With no cinematic blockbusters to compete with at the moment due to the COVID-19 lockdown, Netflix has found the release of its big new action film, Extraction, rather fortuitous. The film has dominated Netflix viewership numbers for the past week and is on its way to becoming the biggest debut in the streaming service’s history. And there is a good reason for that because as an action spectacle, Extraction certainly doesn’t disappoint and is bound to leave those who watch it breathless from everything this movie has to offer.
At its core, Extraction is a simple movie. The story follows a former special forces operative turned mercenary for hire Tyler Rake (Chris Hemsworth) who has to lead an effort to rescue the kidnapped son (Rudhraksh Jaiswal) of an imprisoned crime boss from a rival drug lord in Dhaka, Bangladesh, while also being chased down by a former special forces agent (Randeep Hooda) with a similar habit of simply never dying. And that is pretty much it.
However, in this movie, nothing is ever as easy as it sounds and Rake ends up fighting enemy after enemy as every possible criminal, cop, and even budding child soldier around seems out to kill him and his young charge. As a result, unrelenting carnage ensues as Rake fights for his life through the grimy slums and jungles of the South Asian country where crime and poverty has driven many to desperation.
It’s a story that harkens back to the action films of old where it was possible for a one-man army to take down entire gangs all on their own. And while Extraction definitely ticks that old school action box firmly, it brings plenty of modern and fantastically executed action sequences and an intensity that few films on offer right now can match. Yes, it has its dramatic moments and odd breaks from predictability, but this is not a story trying to reinvent the formula.
Hemsworth, despite being one of the big stars of the Marvel Cinematic Universe, hasn’t really gotten an opportunity to truly show his action chops before. He certainly rises up to the occasion here though. The physically towering actor’s ability to run, dive, fight, shoot and drive his way through hordes of enemies would certainly make even John Rambo proud. While Hemsworth’s Rake lacks severely in the offbeat charm of his Thor, he offers somewhere between a hyper-energetic Tom Cruise and a stoic Stallone stand-and-deliver approach, with some slick Keanu Reeves styled John Wick gunplay thrown into the mix as well.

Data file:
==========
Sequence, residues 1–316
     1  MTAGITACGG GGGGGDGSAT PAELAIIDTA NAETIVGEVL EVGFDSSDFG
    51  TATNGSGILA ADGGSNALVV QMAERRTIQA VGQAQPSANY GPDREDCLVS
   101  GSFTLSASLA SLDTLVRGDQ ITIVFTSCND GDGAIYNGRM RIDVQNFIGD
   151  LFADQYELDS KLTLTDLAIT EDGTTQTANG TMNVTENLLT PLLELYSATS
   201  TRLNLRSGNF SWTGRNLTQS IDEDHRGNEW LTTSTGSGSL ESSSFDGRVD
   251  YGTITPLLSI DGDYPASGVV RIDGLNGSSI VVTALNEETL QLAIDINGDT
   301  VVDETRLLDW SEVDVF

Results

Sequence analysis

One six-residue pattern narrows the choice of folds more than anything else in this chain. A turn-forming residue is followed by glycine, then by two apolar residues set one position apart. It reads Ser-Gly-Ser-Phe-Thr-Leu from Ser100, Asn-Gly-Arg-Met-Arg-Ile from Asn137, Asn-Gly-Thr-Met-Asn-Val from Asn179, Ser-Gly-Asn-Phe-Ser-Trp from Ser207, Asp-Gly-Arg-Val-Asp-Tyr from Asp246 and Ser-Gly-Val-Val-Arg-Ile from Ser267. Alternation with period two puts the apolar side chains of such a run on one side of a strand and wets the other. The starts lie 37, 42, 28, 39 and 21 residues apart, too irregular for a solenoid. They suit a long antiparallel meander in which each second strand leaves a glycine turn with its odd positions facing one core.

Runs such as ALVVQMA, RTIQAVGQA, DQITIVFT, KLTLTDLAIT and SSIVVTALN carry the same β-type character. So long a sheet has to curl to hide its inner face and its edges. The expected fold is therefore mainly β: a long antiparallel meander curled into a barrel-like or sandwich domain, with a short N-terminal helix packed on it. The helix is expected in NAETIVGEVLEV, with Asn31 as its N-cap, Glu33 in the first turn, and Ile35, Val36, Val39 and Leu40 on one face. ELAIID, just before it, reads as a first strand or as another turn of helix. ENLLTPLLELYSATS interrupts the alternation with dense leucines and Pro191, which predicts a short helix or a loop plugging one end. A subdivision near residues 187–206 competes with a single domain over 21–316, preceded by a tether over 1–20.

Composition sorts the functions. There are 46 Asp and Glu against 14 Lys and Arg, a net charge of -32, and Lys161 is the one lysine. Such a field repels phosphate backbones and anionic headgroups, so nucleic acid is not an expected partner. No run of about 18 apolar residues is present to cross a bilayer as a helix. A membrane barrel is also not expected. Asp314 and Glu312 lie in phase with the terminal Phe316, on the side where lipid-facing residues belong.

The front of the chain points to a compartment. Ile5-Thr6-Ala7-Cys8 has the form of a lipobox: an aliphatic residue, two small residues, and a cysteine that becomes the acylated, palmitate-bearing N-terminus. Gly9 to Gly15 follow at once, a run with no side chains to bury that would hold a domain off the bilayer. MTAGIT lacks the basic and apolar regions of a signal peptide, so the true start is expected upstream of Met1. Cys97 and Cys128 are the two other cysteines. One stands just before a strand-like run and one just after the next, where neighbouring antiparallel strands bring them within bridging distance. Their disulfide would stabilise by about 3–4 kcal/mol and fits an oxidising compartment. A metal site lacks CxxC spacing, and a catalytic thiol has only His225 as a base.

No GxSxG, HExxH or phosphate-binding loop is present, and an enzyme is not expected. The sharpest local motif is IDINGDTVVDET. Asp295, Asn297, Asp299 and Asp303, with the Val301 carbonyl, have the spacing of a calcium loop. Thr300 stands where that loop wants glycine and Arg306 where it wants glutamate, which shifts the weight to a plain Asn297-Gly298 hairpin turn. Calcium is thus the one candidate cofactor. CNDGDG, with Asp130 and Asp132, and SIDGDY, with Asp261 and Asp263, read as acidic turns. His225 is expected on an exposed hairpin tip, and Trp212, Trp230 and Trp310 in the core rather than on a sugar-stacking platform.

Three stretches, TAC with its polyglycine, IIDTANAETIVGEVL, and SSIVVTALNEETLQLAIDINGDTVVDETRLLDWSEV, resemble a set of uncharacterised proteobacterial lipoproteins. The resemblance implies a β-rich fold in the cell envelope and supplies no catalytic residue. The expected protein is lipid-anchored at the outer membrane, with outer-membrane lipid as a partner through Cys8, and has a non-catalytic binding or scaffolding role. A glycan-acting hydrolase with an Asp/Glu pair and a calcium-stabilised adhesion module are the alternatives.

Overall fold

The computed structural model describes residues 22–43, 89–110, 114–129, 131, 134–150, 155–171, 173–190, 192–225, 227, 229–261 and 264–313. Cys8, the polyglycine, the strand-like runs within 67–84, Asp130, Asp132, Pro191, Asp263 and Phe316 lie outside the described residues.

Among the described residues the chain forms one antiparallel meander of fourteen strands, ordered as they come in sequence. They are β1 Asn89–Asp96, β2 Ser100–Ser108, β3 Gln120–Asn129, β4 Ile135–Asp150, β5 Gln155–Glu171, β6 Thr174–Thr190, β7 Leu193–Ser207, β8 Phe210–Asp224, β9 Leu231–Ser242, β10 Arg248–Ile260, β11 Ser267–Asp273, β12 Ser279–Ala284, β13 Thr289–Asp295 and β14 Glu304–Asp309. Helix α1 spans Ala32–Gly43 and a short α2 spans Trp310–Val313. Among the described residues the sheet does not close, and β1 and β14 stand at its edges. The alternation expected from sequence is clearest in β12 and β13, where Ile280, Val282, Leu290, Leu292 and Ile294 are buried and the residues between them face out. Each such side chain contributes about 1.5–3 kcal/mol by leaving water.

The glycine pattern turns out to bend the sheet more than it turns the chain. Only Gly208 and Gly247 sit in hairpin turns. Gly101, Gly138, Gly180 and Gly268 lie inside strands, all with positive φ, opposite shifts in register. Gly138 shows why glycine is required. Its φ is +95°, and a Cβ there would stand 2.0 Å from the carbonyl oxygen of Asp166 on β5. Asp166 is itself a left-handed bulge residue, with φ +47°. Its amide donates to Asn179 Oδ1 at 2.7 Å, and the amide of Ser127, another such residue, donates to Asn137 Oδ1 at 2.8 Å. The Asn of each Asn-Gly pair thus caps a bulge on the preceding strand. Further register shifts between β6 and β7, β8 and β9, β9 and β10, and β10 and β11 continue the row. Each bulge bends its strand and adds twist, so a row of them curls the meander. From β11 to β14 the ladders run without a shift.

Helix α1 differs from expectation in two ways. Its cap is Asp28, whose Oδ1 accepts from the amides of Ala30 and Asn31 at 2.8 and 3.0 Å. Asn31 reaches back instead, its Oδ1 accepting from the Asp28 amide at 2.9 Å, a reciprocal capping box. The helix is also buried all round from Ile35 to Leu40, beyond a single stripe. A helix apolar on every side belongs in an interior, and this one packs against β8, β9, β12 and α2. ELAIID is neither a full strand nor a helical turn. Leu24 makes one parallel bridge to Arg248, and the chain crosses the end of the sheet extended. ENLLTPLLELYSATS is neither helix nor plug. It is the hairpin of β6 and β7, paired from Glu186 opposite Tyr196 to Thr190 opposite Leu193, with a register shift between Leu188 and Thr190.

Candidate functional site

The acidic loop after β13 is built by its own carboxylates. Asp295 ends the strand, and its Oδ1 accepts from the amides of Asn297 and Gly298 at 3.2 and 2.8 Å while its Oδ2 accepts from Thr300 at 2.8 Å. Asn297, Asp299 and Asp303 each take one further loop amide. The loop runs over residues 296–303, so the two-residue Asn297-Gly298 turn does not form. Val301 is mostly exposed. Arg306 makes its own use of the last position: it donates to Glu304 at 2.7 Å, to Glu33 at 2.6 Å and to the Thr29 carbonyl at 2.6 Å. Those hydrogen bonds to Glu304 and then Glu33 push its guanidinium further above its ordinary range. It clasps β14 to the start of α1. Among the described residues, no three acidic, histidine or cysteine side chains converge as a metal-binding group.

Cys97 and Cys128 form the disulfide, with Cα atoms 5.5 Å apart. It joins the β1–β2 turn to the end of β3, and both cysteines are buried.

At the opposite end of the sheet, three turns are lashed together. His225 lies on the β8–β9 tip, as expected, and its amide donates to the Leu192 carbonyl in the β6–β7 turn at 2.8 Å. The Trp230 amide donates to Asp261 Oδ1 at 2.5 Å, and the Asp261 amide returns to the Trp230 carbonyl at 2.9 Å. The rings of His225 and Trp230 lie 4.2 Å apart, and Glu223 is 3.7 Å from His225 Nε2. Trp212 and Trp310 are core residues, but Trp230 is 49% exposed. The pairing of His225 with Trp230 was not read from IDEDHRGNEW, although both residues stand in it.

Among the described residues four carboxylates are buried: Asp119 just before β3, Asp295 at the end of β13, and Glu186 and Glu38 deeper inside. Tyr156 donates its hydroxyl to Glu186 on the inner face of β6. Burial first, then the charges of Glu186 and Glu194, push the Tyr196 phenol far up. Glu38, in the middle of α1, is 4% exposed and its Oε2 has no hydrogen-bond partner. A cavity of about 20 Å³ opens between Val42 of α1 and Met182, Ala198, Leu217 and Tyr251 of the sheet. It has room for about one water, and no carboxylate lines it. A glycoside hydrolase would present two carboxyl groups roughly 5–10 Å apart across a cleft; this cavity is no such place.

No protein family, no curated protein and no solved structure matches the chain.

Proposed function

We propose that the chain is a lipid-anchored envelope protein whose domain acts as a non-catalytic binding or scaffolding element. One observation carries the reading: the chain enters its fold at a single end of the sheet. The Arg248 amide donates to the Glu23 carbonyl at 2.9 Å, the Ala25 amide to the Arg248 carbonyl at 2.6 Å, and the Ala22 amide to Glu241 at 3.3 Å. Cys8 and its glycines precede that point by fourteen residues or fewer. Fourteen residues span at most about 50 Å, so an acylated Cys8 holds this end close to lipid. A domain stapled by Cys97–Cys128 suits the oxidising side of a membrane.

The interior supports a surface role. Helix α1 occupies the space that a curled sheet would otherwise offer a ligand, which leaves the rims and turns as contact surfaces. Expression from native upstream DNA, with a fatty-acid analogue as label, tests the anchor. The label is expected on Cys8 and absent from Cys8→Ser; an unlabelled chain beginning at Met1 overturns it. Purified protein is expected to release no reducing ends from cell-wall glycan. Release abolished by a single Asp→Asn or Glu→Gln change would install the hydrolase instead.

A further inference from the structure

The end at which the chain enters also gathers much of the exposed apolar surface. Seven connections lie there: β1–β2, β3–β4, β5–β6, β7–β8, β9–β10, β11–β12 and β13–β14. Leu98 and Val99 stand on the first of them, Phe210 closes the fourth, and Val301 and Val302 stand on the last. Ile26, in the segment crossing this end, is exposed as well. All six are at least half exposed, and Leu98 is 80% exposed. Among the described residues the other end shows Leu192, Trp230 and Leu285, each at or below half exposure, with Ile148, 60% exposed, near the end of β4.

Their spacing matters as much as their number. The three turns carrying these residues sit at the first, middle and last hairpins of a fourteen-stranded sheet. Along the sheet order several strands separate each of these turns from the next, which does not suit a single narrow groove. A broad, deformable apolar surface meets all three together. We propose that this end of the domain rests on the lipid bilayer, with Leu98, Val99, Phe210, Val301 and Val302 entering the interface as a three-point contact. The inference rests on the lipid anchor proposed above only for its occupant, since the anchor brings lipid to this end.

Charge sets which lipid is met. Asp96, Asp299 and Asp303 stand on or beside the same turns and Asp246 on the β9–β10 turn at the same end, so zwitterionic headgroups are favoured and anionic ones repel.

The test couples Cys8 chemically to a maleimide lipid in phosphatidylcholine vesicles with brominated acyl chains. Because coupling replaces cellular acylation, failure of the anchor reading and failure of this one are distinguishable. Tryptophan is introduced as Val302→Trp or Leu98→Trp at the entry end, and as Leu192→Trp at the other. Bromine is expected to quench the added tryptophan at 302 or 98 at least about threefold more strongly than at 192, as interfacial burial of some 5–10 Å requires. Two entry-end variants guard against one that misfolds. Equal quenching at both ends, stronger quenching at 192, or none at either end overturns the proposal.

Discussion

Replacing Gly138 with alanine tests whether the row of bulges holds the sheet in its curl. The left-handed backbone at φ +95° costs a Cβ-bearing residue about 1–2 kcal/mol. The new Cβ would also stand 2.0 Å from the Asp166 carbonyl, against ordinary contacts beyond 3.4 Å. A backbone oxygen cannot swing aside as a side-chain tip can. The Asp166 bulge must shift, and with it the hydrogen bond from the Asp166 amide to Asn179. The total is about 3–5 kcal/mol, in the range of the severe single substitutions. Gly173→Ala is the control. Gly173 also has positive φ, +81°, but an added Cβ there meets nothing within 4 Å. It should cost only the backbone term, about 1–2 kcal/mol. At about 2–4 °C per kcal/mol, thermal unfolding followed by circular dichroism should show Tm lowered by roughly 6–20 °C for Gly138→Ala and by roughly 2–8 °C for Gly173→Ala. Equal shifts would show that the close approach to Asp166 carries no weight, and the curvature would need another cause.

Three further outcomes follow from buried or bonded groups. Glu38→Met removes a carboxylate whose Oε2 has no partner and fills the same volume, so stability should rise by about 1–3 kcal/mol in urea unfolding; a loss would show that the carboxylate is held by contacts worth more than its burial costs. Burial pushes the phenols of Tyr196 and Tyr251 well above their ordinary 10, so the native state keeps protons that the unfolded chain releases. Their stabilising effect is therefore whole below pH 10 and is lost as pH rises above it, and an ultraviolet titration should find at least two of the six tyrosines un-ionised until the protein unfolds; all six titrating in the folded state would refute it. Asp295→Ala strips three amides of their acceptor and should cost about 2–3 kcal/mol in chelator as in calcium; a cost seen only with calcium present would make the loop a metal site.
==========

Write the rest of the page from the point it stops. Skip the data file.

The film does require him to bring a small amount of dramatic acting mettle to the role, with a few subtle moments of quiet introspection, but it really is lightweight. The same goes for the rest of the cast (which includes David Harbour and Golshifteh Farahani) whose characters you never really get to explore more than fleetingly. Instead, it’s Hemsworth mostly running around and performing action feats the entire time. Which is perfectly acceptable for escapist action, and which is all Extraction is aiming for.
That being said, the intensity of the film could become overwhelming. Not only can the non-stop barrage of gruesomely violent action easily drain you, but Rake’s constant death-defying escapes does take away from the gritty realism of some of the action scenes. But they’re done so thrillingly, that you mostly don’t care.
And arguably even more than Hemsworth, the real star of this film is director Sam Hargrave who pulls off all that action. Impressively, Hargrave is making his feature film directing debut here and he has done a fantastic job. His previous work as a stunt coordinator on some major Hollywood productions (he is Chris Evans’ Captain America stunt double and worked on several Marvel productions among others) is clearly evident here as he is able to navigate from one big choreographed sequence to the next with ease. And it’s his ability to craft these tense action beats that make the film what it is.
Though credit must also go to editors Peter B. Ellis and Ruthie Aslan, as well as cinematographer Newton Thomas Sigel, for keeping the complexity of these scenes flowing as well as they do. And again to Hargrave as well who did some daredevil camerawork himself on this production. We have already seen this in a behind the scenes view of an epic 12 minute “single-take” chase scene that significantly bumps up the middle of the film. The scene is not a true single-take, as it’s actually a bunch of smaller scenes stitched together digitally, but it is exceptionally well done and way more exciting to watch than any of these hyper-edited action sequences which are so popular in films nowadays. Not every scene in the film is pulled off perfectly (most notably, the film’s lower CGI budget rears its head a few time), but few current films can match the level of execution when it gets it right.
So yes, Extraction has its flaws. Its story, written by Avengers: Endgame co-helmer Joe Russo (who also co-produces alongside his brother, Anthony) doesn’t take full advantage of the grim setting and a lack of engaging characters certainly removes you from what is actually quite a harrowing backdrop. Hemsworth’s Rake is an intriguing and tragic character and he has some solid chemistry with his young charge, but it’s not explored that much. Similarly, there are some great moments between Hemsworth and Harbour, but they’re fleeting.
This all matters little though when your senses are being constantly slammed with outstanding, breathtaking action sequences. And that’s all Extraction is really trying to do (and sometimes that’s all we’re looking for in a movie). By keeping it straightforward – its action is far too technically accomplished for me to say “simple” – and not trying to punch above its weight, it ends up working really well. And you will be thrilled every minute of it.
Last Updated: May 5, 2020